• Features (e.g. coordination games): {1, 2, …, N}
    • Traits (what action you take on that feature): a_i in {1, 2, 3, 4, 5, 6, 7} if there are 7 options for a particular feature.
    • Person (vector of traits on features) : (a_1, a_2, …, a_i, …, a_N)
    • Each person is placed in a 2-D grid. Each cell has 1 peron.
    • Look at the 4 neighbors, and interact with a probability that is equal to the similarity with your neighbor (i.e. % of traits that agree), i.e. if the neighbor is like us, we tend to interact with them, if not, we tend not to. Upon interaction, pick a feature, and match their traits.
  • Results
    • People near each other will either be exactly the same or differ by a lot.
    • Boundaries can be self-reinforcing. People don’t interact across the boundaries, and the cultures remain disparate.

Bednar et al Model

  • Consistency rule
    • Pick two attributes, set the value of the second equal to the value of the first.
    • Assume that in addition to people trying to coordinate, they are also trying to be consistent
  • Introduce innovation / errors
    • There is a chance of a trait being changed regardless of consistency or coordination.
    • Innovation / errors can propagate in two directions, across different traits in the same person, or across persons in the same feature.
    • Small errors lead to substantial population level heterogeneity.
  • Conclusions
    • Culture = multiple coordination games where we are trying to be consistent.
    • Ways in which people can coordinate differently:
      • Idiosyncratically coordinate on the wrong things.
      • Payoffs on a particular trait can change over time (e.g. shaking vs. bowing)
      • A way of coordination may be suboptimal but it makes us consistent.


Urn Models

  • Basic model: There are blue and red balls in an urn.
  • Bernoulli model: Pick a ball and return. Outcomes are independent.
  • Polya process
    • Initial Urn = {1 Blue, 1 Red}
    • Pick a ball, see its color, and add in a new ball that is the same color as the ball selected.
    • Result 1: Any probability of red balls is an equilibrium and equally likely, i.e. for a sequence of N balls picked out, P(# of R balls = 0) = P(# of R balls = 1) = P(# of R balls = 2) = …. = P(# of R balls = N).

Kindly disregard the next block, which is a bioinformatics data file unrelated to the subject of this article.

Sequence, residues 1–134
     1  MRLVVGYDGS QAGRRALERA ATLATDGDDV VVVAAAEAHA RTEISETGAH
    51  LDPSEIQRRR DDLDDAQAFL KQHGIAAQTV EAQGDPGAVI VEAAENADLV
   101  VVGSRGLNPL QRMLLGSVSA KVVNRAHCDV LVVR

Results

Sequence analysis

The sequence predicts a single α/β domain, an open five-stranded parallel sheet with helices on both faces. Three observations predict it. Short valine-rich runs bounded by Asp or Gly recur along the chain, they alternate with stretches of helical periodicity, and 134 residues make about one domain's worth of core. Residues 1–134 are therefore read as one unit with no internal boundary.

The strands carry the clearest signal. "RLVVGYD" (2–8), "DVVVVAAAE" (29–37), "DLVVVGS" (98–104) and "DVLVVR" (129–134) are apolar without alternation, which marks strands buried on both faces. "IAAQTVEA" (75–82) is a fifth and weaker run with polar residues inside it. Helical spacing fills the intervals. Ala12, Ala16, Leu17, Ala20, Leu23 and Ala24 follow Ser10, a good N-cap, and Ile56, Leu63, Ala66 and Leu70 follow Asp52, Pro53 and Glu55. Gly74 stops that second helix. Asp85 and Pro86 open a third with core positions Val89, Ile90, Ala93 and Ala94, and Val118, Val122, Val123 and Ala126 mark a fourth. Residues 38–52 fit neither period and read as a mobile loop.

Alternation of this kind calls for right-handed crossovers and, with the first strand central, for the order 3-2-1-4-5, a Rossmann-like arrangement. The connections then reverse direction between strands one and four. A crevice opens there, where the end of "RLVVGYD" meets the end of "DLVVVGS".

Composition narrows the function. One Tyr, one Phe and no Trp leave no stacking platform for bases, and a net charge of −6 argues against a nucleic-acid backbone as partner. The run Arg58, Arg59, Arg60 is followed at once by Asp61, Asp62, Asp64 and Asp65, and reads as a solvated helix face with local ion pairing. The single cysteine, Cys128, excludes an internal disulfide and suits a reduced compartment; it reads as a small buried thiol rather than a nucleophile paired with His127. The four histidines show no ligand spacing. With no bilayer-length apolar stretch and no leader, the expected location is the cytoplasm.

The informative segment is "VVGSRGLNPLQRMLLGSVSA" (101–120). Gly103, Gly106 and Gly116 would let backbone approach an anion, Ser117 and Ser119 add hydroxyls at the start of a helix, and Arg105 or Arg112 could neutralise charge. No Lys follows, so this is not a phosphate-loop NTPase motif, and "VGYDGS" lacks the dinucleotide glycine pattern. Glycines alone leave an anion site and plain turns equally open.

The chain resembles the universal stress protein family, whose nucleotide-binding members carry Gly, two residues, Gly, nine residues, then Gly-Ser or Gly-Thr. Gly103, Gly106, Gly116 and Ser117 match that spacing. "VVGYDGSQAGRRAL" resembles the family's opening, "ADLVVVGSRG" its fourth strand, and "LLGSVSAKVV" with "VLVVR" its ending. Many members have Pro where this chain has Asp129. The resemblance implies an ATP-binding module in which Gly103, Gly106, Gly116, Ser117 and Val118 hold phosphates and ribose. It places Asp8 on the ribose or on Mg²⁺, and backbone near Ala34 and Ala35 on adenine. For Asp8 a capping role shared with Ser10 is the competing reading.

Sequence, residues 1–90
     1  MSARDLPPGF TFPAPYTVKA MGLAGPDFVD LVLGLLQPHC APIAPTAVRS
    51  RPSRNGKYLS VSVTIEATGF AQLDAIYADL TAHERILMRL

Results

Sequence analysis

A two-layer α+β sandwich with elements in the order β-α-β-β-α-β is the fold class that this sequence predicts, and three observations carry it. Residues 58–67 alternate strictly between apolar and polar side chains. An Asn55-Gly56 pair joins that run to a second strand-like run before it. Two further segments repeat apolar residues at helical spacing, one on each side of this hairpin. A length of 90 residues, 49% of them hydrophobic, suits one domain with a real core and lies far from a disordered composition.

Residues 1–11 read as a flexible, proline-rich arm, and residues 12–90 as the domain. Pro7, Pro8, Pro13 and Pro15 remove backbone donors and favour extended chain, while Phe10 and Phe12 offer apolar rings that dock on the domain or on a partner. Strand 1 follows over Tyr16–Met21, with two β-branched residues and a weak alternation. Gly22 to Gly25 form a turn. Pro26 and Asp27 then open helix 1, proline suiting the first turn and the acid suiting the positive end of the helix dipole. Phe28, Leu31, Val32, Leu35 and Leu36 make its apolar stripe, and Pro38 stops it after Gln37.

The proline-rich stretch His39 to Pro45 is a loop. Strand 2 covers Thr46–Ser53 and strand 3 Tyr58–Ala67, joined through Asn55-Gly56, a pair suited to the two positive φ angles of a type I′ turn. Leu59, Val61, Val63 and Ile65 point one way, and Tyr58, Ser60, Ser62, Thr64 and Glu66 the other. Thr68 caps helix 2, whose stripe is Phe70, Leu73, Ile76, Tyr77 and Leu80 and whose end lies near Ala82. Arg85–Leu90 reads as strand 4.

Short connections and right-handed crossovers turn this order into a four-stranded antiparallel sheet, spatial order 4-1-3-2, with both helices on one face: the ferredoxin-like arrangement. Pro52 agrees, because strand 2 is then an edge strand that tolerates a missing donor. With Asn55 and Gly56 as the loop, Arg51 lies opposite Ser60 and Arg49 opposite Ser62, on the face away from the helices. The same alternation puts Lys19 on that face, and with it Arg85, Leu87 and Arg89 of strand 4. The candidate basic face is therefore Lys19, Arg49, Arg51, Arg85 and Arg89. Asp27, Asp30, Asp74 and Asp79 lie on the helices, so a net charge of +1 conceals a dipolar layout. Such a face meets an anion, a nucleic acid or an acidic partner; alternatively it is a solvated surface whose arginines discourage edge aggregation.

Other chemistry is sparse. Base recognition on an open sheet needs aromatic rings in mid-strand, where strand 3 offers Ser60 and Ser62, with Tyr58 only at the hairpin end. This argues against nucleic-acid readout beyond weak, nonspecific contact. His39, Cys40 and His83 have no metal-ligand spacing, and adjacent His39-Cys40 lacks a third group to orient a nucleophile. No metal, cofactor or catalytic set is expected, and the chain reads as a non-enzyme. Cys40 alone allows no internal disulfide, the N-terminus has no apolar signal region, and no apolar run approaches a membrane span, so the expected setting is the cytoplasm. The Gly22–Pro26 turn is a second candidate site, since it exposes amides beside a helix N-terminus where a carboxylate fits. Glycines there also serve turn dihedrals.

• Result 2: Any history (i.e. sequence) of B blue and R red balls is equally likely, i.e. the probability of getting a sequence is not affected by the order of getting the B and R balls, just by the # of B and R balls in the sequence.
  • Balancing process
    • Initial Urn = {1 Blue, 1 Red}
    • Inverse of Polya. Add a new ball that is the opposite color as the ball selected.
    • Result: The balancing process converges to equal percentages of the two colors of balls.

Path Dependent Outcomes and Equilibria

  • Path dependent outcomes = color of ball in a given period depends on the path
  • Path dependent equilibrium = % of red balls in long run depends on the path
  • Polya process has both path dependent equilibria and path dependent outcomes.
  • Balancing process has only path dependent outcomes.

Path Dependence and Phat Dependence

  • Path dependent = outcome probabilities depend upon the sequence of past outcomes
  • Phat dependent = outcome probabilities depend upon past outcomes but not their order
  • Polya process is Phat. E.g. getting RRB balls result in the same outcome probabilities as getting BRR balls.
  • Path dependence is typically not a deterministic process, because what happens along the way has an impact on the outcome.
  • Independent = Outcome doesn’t depend on starting point or what happens along the way, it is probabilistic, not deterministic.

Sway Process – Getting Full Path Dependence

  • Initial Urn = {1 Blue, 1 Red}
  • Process
    • In period t, add a ball of same color as selected ball and add 2^(t-s) – 2^(t-s-1) balls of color previously chosen in each period s < t
  • If the past takes on more weight over time then you can get full path dependence (i.e. every single draw from the urn matters).

Markov Process Are Not Path Dependent

  • Markov processes are not path dependent because they have fixed transition probabilities. In the Polya process, the transition probabilities change.